During his tête-à-tête meeting with President Serzh Sargsyan, Raffi Hovannisian offered three proposals in order to emerge from the created political pre-crisis situation, and all three proposals were rejected.
Hovannisian didn't discuss those proposals with the people gathered in Liberty Square. Those proposals belonged to him, perhaps also to his Heritage party, but not the people at the rally. It is hard to say whether the people would approve those proposals if they were previously discussed and formulated in Liberty Square. Although one of three proposals was capitulating for the authorities, the other two showed willingness to compromise.
Hovannisian went to the Presidential Palace without even clarifying whether his followers were ready for any compromise with the authorities.
But the demonstrators let it go. Moreover, they didn't leave Liberty Square even after Hovannisian suggested that everyone go home and gather the following day. Those people clearly demonstrated that it is not them that follow Hovannisian; they forced him to follow them. And it is not Heritage that determines the basic rules of the game, but Liberty Square.
Thus, this is not Hovannisian's movement, but that of the people. And that is the clear difference between this movement and all previous protests that were similar.
Now the people are demanding from the authorities as much as from Hovannisian. If it were important for the people, they would demand that Hovannisian clarify what Sargsyan in his turn proposed to him and to what extent those proposals were acceptable or not. Yet there are no questions, there is only a process, and Hovannisian was continuously forced to go forward.
Actually, he didn't become a leader, but rather a symbol whose values and, more importantly, simplicity created a wonderful atmosphere for society's self-expression. Hovannisian emphasizes the union of Armenian citizen and Armenia, not the concept of social stratification.
It is more than obvious now that Hovannisian's possible retreat cannot stop this movement. It can be modified, transformed, become diminished, but it cannot stop anymore. And there are two main reasons. First, this movement is led by an already existing civil consciousness. Second, instead of suppressing this awareness and pushing his personal ambitions forward, Hovannisian shows a tendency to rely on that.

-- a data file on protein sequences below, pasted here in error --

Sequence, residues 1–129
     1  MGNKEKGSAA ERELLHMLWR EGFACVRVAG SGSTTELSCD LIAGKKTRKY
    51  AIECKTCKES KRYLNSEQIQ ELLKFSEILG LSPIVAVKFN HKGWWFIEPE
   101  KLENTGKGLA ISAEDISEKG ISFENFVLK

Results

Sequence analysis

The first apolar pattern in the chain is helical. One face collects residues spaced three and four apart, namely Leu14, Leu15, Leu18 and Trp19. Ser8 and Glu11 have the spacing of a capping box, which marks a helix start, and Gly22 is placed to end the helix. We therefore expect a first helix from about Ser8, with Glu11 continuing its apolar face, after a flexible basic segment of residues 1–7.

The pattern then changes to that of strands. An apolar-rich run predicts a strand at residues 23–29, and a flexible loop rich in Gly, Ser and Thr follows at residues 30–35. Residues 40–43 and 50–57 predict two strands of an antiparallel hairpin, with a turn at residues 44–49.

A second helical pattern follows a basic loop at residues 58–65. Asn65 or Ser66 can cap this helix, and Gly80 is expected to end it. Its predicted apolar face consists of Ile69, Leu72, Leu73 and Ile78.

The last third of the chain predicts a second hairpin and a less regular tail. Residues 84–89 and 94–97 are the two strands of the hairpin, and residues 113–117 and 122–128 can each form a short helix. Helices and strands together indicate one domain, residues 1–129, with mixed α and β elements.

This fact enables the development of a strategy exclusively based on public demands, which are for now attached to voting rights. Hovannisian's main problem is not how to lead that movement (actually, it is self-governed for now), but to provide a greater space for its development, partially coordinate it and control and develop mechanisms to protect it from possible provocations.
In this sense, Hovannisian has three important steps to take. First, he needs to clearly determine the main goal and what measures are necessary to get there. It is one thing to request the president transfer power unconditionally, and it is another thing to demand new elections or else the president's resignation.
However, committing to reaching a resolution is different from presenting a concrete plan of action or, at least, convincing society that the plan exists and is followed accordingly. As long as these clarifications are not made the movement remains chaotic, and no concrete problem can be solved.
Secondly, Hovannisian's issue is to provide a wide political and civil consolidation around only one issue, which is to protect and respect citizens' rights by civil rights and state institutions. Practically, he doesn't have other resources to provide such consolidation, as his agenda and ideological positions regarding the economy, foreign policy and other issues are considered risky by many people.
In this sense, the ARF-Dashnaktsutyun's symbolic joining of the movement was important. Actually, the ARF clearly mentioned that it is joining not Hovannisian, but the civil movement and for now is only a participant. It seems this arrangement completely satisfies him. The joining of the Armenian National Congress's former electorate was important as well. It shows that, unlike the defunct Congress, its electorate remains faithful to its ideals and goals.
The fact that Heritage intentionally ignores the Prosperous Armenia Party (PAP) doesn't only demonstrate its interest to take back its positions, but also PAP's tendency to not get involved. As was obvious from its statement, PAP offers to transform the movement, whereby agreements can be reached with the authorities around fundamental improvements, something that was always a waste of time.
In the footnotes of PAP's statement we can see an offer of cooperation around "the plan of improvements" directed towards the Republican Party. And while Levon Ter-Petrosyan demonstrated a strong pragmatic attitude, he nevertheless doesn't want to burn bridges with the movement, considering Hovannisian a secondary factor.
Third, as much as this movement is civil, it cannot avoid being political, as there is no other legislative option to realize its goals. The formation of a coordinating body to make consolidated decisions and to define responsibilities is necessary.
But, unlike the Congress, this body can persist only if it is created based on a real socio-political consensus to make it relevant.